“Stove ban?” – woodburning? Customer questions about news reports
Q&A: Clean Air & Solid Fuel Appliances
Many of you will have seen the media reports claiming there will be a ‘ban’ on stoves and open fires. Of course, we know this is incorrect, but many of your customers may have questions for you. Here are some of the most common questions you may be asked, and some suggested responses.
Is this government going to ban stoves?
No – there is nothing in the Clean Air Strategy which makes reference to this. Any appliances which are currently fitted will be able to continue to be used as normal.
Will the government ban future sales of stoves?
No, however the type of stove which will available for sale may change. It’s most likely they will have to be DEFRA-exempt appliances. This is actually good news because it means a great choice of fuels (both wood or smokeless) in any area. Whereas currently, they are restricted to just smokeless fuel if you do not have a DEFRA-exempt appliance.
Is the government going to be banning coal?
It’s likely the sale of bituminous house coal will be prevented in the future, but the sale of smokeless fuel is likely to continue. No final decision has been made about this.
What about the sale of nets of logs?
Again, the Government has still not made up its mind on this. It is thinking about banning the sale of unseasoned wood in smaller quantities, however sweeps have pointed out the logistical problems of controlling the sale of a product which, by its very definition, is naturally occurring.
If domestic stoves are the biggest source of pollution, why would I want one?
Stoves in themselves aren’t polluting – it’s the way some people use them. The truth is that very few people are shown how to use a stove, so they rarely burn efficiently until they either ask for help or have their flue swept. Unlike gas or oil, wood is a renewable energy source and, when burnt correctly, can be a very efficient way of heating your home.
Won’t all you sweeps be out of work soon with all this talk of stoves and pollution?
In fact, the opposite is true. The government has realised that sweeps are key to helping reduce the amount of emissions from domestic burning. It has backed our Burnright campaign and has formally stated that flues should be swept twice a year. Even gas and oil flues need to be swept, and the government recognises that a local, professional sweep is an invaluable resource.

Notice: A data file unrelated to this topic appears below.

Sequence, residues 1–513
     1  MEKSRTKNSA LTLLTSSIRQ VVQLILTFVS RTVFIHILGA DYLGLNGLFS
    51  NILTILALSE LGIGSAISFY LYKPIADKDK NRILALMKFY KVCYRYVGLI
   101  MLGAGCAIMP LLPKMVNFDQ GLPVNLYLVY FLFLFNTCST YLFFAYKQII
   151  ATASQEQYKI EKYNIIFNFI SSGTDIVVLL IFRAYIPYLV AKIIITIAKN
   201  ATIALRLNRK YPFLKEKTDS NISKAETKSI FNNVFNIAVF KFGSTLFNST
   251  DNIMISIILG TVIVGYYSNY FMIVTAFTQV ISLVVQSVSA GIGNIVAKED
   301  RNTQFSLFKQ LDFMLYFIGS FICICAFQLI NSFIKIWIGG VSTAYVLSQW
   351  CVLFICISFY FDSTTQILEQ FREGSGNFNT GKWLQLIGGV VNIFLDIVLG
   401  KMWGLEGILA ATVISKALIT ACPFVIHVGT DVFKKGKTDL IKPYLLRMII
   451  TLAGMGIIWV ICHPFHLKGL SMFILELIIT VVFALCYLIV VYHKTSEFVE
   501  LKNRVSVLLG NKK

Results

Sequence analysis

Should I change my stove just in case they ban people from using old, inefficient ones?
Again, the Government isn’t planning to ‘ban’ appliances but a new efficient stove is a smart move purely from a financial point of view. You’ll get more heat from your fuel and also help reduce emissions into the environment.
One last question – Do you think air pollution is getting better or worse?
You may be surprised to learn air pollution from ALL sources has been dropping EVERY year for the last 30 years – this includes pollution from stoves and open fires. An exception to this drop is nitrogen dioxide – mostly from vehicles. So things are improving all the time, it just needs to be faster.
Chimney sweeps in particular must make it a priority to help all their customers understand how to use their fuels and appliances more efficiently, it’s our job and no one else can do it better or as easily as chimney sweeps. The BurnRight campaign materials and website will help you keep your customers on the right track. Your customers will appreciate the help and guidance and respect your professionalism. Together we can improve our business and our industry and make a BIG difference to our local air quality. www.burnright.co.uk – the password for the Trade Information page on the site is simply burnright